At Penberthy Insurance, as part of being your trusted Insurance Brokers a key service requirement for us is to keep you updated with any changes with the insurance industry that might impact you or your business.
To that end, the following information is simplified to give you a better understanding of the imminent changes to the Fire Service Levy that you pay as part of your overall insurance premium. Please note that the Fire Service Levy is a government tax applied to all contracts of insurance covering New Zealand property.
As you are probably aware, the Fire Service in New Zealand is primarily funded by means of a levy charged on property, contents and motor vehicle insurance. This is unlike most other countries in the world where the emergency services are funded by central or local government.
From the 1st of July 2017 the New Zealand Fire Service, the National Rural Fire Authority and 38 Rural Fire Authorities will form a new and revamped organisation called Fire and Emergency New Zealand (FENZ).
The transition costs associated with this new organisation are estimated to be in excess of $300m over four years and the government are looking to pass this cost onto policyholders by increasing the current levy charged by 40% on 1 July 2017.
Here are a few key questions answered about the Fire Service Levy changes to help you and your business extinguish any confusion with the changes to levy pricing and calculation.
How will this change affect my insurance?
Under the Fire Services Act, the Fire Service Levies are paid by the policyholders with a specific Fire Service Levy (FSL) cost added to your insurance program. This is especially relevant for any Commercial Property, Residential House, Contents and Motor Vehicles policyholders.
The changes will mean there will be a rate increase for the FSL, which effectively means your total insurance cost will increase as a result.
How much more will I have to pay?
The levy setting process was undertaken in late 2016 and following a recommendation from the Minister of Internal Affairs to Cabinet the 40% increase was approved.
The new rates will come into effect from 1 July 2017.
In a nutshell:
Residential Properties – Prior to 1st July 2017 each residential unit was paying $76 per unit and $15.20 on their contents insurance. From the 1st July 2017 this will increase to $106 per residential unit and $21.30 on the contents.
The average policyholder with one house and contents policy will be paying an extra $41.50 per year plus GST.
Non-Residential Properties – Previously the FSL charge was 7.60c per $100 insured. From the 1st July 2017 this will increase to 10.60c per $100 insured – an increase of 40%.
For a building or plant or contents worth say $1,000,000 this equates to an extra $300 per year, $5,000,000 is an extra $1,500, $10,000,000 and extra $3,000 (all plus GST) and so on.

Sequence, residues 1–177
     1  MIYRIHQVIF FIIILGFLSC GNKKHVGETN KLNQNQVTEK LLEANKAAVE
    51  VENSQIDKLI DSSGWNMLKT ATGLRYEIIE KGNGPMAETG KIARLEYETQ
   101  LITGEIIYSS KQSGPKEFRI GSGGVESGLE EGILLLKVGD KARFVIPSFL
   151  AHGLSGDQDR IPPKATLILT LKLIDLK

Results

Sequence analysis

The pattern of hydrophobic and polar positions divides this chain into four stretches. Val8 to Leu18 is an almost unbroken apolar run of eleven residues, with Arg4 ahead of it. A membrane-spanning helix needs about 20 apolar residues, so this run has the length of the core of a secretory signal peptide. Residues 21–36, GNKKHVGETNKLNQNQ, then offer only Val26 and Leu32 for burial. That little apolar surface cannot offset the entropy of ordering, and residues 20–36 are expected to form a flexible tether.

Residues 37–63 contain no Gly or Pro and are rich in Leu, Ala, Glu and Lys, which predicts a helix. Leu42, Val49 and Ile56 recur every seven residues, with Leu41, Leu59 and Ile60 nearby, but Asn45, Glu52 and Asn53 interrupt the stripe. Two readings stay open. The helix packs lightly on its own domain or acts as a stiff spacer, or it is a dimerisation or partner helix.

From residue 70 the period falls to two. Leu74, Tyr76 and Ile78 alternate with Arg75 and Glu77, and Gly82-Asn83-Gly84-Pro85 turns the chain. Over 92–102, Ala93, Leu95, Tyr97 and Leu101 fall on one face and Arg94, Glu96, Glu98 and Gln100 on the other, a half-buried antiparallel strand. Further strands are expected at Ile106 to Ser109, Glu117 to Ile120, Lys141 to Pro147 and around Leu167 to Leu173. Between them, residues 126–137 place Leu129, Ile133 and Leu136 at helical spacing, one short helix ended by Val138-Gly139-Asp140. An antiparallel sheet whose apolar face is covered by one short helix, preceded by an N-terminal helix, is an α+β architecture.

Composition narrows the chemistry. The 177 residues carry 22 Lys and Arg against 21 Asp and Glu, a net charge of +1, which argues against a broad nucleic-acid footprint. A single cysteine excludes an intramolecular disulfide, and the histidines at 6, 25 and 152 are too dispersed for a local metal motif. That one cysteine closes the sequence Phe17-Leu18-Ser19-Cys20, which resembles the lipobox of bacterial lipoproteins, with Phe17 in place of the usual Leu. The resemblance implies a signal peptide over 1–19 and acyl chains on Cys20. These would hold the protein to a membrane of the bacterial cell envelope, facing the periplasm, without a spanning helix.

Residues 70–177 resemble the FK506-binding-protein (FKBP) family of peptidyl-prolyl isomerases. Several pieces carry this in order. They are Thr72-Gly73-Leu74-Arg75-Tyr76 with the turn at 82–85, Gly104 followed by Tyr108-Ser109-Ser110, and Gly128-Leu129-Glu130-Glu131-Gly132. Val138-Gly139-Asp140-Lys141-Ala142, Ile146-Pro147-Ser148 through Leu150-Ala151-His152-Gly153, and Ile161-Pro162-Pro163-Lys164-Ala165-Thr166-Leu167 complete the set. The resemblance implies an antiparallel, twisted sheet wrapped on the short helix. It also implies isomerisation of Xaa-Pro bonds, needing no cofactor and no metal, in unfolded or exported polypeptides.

Vehicles – Vehicles less than 3.5tonne were being charged a flat rate of $6.08 per vehicle, but from 1st July 2017 this will increase to $8.45 flat rate per vehicle. Vehicles 3.5 tonnes and over will pay a FSL fee at 10.60c per $100 sum insured.
Why are the Fire Service Levy rates changing now?
95% of the Fire Service operations are funded by the levy charged to policyholders, although non-fire activities are now at 38% and increasing eg flood, chemicals, accidents etc.
The rate of the levy hasn’t increased for several years despite inflation and the wider scope of services undertaken by the Fire Service. The Commission states it will cost $535 million to operate FENZ in the year starting 1 July 2017 and after allowing for other resources of funding, the Fire Service must then generate $483 million in levies.
Will we see further increases?
Yes, in the future, it has been proposed by the Fire Service that levies on commercial properties be charged on the sum insured, not the indemnity value that has previously been the case. This will have a significant impact on older properties in particular. For example, a building with a replacement value of $10m but an indemnity value of $5m will be paying the following FSL:
July 2016 – $3,800 ($5m x 7.60c)
July 2017 – $5,300 ($5m x 10.60c)
Future? – $10,600 ($10m x 10.60c)
Who are FENZ?
A new entity created which merges The New Zealand Fire Service, National Rural Fire Authority and 38 other rural authorities into a single entity called ‘Fire and Emergency New Zealand’ (FENZ). One of the aims of FENZ is the recognition that historically the fire service offered a broad range of other services beyond firefighting, and so this new entity and delivery incorporate all those services (both fire and non-fire related) as part of this new regime.
What can we do?
The changes to this levy which come into effect on the 1st July highlights the need to take the time to understand how this will impact your business and ensure that the changes form part of your discussions with your insurance broker when reviewing your insurances, to factor in the change and formulate a plan to minimise the impact.